Refried Black Beans

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Today I want to show you something else to do with leftover cooked beans, which I originally wrote about when I posted on black beans. Like I’ve mentioned before, I love beans, and although canned are useful, it’s so easy and so much less expensive to cook your own from dried. So if you are scared to cook dried beans from scratch, check out that link.

Since I made that pot of beans, I’ve posted on a couple of different ways to use the cooked beans, and today is the final post. I’m making refried beans, although there’s no frying involved. By simply using the food processor, you can process cooked beans into the same texture as refried beans. Only a little liquid or broth is required.

So once again, no recipe is required, I’ll just show you what I do to make the refried beans, and turn them into black bean burritos.

1. Place the cooked beans in the jar of a food processor.
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2. Process, using a little leftover bean broth if you have some, or water, just enough to mush up the beans.
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3. For burritos using this refried bean mixture, simply place the amount you want on a tortilla. I’m using whole-wheat tortillas.
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4. Continue doing this with the remaining tortillas and refried beans, placing them in a greased baking pan.
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5. Pour on your home-made ancho chile sauce or even salsa if you have that on hand. Just make sure the salsa isn’t watery. Then sprinkle with cheese. I used a white cheddar, but goat cheese, or Mexican cotija cheese are wonderful as well.

6. Bake in a preheated oven at 350 degrees until the sauce is bubbling and the cheese has browned slightly.

And that’s it! You can also fill these burritos with grilled veggies, steak, or chicken, but I typically leave these as is for our one vegetarian household member.
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Besides, they’re really good and meaty on their own.


If you want to season the beans, I would add cumin, dried oregano, and coriander.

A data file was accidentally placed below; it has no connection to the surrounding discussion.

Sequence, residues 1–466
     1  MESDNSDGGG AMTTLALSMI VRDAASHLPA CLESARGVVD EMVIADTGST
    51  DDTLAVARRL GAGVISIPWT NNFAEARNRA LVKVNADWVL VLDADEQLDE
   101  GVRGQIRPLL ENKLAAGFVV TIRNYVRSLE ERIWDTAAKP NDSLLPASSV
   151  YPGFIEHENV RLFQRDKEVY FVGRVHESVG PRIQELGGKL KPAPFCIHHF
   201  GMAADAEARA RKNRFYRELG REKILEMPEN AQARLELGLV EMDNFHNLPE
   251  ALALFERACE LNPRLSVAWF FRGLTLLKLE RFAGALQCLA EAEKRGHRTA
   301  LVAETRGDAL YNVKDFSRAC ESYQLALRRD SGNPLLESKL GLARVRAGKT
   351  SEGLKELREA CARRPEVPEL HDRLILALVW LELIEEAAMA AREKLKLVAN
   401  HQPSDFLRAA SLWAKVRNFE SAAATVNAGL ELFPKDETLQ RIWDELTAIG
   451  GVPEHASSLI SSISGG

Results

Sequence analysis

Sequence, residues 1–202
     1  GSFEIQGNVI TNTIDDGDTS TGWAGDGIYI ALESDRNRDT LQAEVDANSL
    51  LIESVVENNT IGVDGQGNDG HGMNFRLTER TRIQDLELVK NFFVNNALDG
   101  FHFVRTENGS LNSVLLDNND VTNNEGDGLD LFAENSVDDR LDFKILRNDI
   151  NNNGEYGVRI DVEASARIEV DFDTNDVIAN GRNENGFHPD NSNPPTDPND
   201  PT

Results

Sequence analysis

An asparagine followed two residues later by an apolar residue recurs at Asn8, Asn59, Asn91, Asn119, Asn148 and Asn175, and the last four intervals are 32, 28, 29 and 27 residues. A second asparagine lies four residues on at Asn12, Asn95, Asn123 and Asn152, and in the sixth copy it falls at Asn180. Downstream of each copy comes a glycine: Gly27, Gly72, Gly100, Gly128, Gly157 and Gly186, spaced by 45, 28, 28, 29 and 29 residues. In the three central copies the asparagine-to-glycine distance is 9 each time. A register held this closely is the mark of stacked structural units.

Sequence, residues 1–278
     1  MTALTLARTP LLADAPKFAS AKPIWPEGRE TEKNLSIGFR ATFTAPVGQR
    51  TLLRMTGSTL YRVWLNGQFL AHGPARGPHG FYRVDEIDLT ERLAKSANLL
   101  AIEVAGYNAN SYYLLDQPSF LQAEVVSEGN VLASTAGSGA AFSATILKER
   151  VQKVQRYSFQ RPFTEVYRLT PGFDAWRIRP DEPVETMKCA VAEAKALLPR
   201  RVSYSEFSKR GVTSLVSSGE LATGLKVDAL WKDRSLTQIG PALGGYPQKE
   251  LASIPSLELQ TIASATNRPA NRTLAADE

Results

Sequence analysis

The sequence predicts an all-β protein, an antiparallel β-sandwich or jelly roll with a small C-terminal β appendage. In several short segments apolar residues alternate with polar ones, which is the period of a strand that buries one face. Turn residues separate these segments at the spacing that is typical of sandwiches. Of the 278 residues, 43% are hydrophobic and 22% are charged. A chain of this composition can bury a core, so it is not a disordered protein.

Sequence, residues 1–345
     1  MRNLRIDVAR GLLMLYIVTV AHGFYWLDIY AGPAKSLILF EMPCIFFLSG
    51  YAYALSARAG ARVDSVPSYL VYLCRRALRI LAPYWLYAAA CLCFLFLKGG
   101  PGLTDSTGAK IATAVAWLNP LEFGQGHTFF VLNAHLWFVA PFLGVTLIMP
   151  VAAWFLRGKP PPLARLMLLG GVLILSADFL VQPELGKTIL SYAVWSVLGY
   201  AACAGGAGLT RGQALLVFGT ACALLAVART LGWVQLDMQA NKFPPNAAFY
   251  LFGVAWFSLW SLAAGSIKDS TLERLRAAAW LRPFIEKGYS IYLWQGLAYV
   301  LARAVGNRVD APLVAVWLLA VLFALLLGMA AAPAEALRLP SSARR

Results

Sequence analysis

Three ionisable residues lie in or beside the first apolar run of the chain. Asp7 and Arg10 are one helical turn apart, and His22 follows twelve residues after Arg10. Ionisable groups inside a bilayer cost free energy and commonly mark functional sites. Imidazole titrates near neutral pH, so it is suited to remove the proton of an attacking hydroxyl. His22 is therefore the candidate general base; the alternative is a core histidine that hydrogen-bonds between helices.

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Pesto’d Lamb Chops

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The thing that I learned about meat a long time ago, is that you have to cook it properly. Everything else is just icing on the cake. Whether it’s grilling a steak, roasting a pork loin, or braising a rabbit, it’s all about cooking the meat properly. It doesn’t matter if you’re adding a sauce to the steak, roasting the pork with sweet potatoes, or braising the rabbit in tomatoes. It’s all about cooking the meat properly.

Now to most of you this might seem like a simpleton statement, but many years ago, it was an epiphany to me.

When I first started cooking a lot, which was when I got married, we couldn’t afford most “fancy” meats, unless it was a special occasion, so I was very used to braises and stews, even if these were globally inspired, such as Ethiopian Doro Wat with chicken, and French Boeuf Bourguignon with beef.

As our financial situation improved, I was able to buy steaks more often, which is my husband’s favorite cut of beef. Such a man thing. But I got to play around with other cuts as well.

Because I hadn’t had much experience with just cooking meat, I bought a few meat cookbooks. And the books really taught me nothing. Why? Because the recipes were all about the icing – a red wine sauce for a veal chop, or a salsa to top a chicken breast, or an orange glaze for duck breasts. No matter what the accessory ingredients were in the recipes, the meat was always cooked the same. For example:

4 chicken breasts
Salt and pepper

4 duck breasts
Salt and pepper

4 – 1″ thick filet mignons
Salt and pepper

Pork chops
Salt and pepper

See what I mean? I really hadn’t thought much about this fact until after I read the meat cookbooks, and I really haven’t referred to them since. As long as you know how to properly cook cuts of meat, the rest is easy.

To me, it’s mostly about the rareness of the meat. I prefer my beef at 125 degrees, or medium-rare. The same with lamb. Both chicken and pork I stop cooking at 155 degrees. A thermometer is a good way to cook meat properly, or to your liking, until you get to the point where you can tell the doneness with your tongs.